LAFAYETTE, Ind. (WLFI) - As the sun went down Saturday night, dozens of students and parents gathered in an embrace around a lone tree, remembering a boy who they say lost the light of his life too soon, perhaps because he too felt alone.
"He wanted to be around everybody. He wanted to hang out with friends, and I don't know why," said Toni Hobson, a freshman at Lafayette Jefferson High School. "But I think now, he wanted to hang out with friends, because he was sad and depressed, and we didn't know it."
Toni said she was best friends with the 14-year-old Tecumseh Junior High 8th grader who took his own life early Friday morning. Toni and others remembered the student as kind, fun-loving, and "everybody's friend." Even those who didn't know him well, knew of his kindness. In fact, the vigil was organized by a fellow 8th grader who had only spoken with him a few times.
"He was just a fun guy to hang out with, and he was really nice," said Crystal Curtis, who organized the vigil. "When I talked to him, I thought he was just the nicest guy ever. He could be like my best friend, that's how nice he was."
But underneath the surface, there was pain that only became evident in this student's final days. One friend, who may have been the last person he spoke with received this text message, the night before he died: "I hate my life. I want to die," he wrote. She asks what's wrong, and her classmate simply says, "Bye." The next day, she learned he had committed suicide.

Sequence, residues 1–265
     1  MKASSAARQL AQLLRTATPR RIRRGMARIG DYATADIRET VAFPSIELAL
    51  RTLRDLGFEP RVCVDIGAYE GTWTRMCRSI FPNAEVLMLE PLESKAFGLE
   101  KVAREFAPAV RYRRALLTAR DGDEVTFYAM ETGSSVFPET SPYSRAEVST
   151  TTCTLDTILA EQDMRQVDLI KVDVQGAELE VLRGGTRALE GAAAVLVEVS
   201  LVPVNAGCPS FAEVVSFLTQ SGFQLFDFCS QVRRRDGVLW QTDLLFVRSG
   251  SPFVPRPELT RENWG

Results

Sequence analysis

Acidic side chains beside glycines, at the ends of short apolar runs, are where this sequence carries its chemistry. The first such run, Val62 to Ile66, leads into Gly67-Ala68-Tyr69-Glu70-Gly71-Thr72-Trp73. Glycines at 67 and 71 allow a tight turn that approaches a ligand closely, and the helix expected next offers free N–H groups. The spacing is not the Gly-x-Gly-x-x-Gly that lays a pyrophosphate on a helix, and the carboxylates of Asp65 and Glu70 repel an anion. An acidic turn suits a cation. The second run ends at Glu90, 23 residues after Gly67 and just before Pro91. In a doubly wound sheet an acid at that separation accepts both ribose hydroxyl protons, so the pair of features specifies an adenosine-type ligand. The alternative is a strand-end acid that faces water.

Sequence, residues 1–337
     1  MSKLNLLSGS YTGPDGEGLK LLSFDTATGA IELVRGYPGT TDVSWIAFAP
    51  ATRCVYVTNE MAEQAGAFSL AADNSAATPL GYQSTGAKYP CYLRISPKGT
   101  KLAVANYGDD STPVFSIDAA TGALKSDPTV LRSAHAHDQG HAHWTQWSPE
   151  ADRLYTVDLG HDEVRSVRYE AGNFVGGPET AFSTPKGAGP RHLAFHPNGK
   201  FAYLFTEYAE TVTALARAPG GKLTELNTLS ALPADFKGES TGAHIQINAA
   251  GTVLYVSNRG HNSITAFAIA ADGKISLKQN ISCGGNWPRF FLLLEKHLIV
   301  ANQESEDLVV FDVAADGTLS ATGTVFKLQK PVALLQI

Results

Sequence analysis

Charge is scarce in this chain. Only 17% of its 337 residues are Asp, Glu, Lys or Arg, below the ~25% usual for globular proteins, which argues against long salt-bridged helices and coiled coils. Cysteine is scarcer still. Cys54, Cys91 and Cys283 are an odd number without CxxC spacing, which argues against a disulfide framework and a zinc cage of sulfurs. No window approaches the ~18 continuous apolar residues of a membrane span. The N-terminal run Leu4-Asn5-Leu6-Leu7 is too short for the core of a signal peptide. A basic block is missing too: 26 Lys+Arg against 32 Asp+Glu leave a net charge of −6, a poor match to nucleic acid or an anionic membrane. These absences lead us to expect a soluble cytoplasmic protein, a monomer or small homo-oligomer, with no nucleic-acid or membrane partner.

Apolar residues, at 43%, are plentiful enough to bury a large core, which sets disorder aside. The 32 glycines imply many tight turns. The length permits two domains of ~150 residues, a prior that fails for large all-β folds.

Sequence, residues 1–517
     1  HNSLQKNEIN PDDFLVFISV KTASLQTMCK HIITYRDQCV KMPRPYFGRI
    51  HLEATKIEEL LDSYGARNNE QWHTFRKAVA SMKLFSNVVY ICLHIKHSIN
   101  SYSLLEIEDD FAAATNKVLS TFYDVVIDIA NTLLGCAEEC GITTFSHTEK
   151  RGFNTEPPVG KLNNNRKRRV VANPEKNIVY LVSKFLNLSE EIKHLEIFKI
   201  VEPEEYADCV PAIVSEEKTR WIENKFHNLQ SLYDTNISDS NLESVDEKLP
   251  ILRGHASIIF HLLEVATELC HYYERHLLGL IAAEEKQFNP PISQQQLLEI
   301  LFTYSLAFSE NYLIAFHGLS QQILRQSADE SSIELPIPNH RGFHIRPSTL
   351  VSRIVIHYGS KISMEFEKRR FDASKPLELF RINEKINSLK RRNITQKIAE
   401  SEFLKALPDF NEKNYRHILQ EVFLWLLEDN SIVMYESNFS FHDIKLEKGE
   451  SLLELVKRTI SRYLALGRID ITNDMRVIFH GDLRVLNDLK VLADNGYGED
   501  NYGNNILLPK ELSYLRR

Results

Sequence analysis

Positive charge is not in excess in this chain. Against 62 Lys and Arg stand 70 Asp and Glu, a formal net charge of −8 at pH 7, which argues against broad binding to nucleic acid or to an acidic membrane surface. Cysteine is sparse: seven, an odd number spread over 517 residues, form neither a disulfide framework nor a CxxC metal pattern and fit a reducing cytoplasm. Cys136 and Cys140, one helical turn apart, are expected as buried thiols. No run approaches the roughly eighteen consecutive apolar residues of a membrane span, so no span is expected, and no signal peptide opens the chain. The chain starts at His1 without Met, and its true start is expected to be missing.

Toni Hobson said that her best friend had been bullied.
"But he's in a better place, and he's not going to be hurting, and he's not going to be thinking about, 'Oh, this person doesn't like me,' or 'Do I really have buck teeth?' or 'Do I really have big lips?'" Hobson said.
Toni said there's no way of knowing how big a role bullying played in her friend's suicide. Another friend says Friday would have been his last day at Tecumseh, as he was moving to Rossville.
But as his friends, and even those who didn't know him at all, gathered in his memory, they spoke of the hope that this won't happen again. They urged anyone in the same frame of mind to simply speak up, and ask for help.
"Talk to your parents. Your parents are there for you," Curtis said. "We've got school, we've got counselors. That's why we've got them. Go and talk to a teacher, or a best friend that you know you can trust."
"If he would have told me, then I would have said something," Hobson said. "I would have called his mom. I would have done something to help as best as I could."
If you or someone you know is thinking about suicide, there are resources available in our area.
The Lafayette Crisis Center operates a 24-hour hotline, with trained volunteers to give confidential crisis intervention. That number is 765-742-0244. You can also reach a referral hotline by dialing 211 if you're in Tippecanoe, White or Benton Counties.
More information on the Crisis Center can be found at http://www.lafayettecrisiscenter.org/ .
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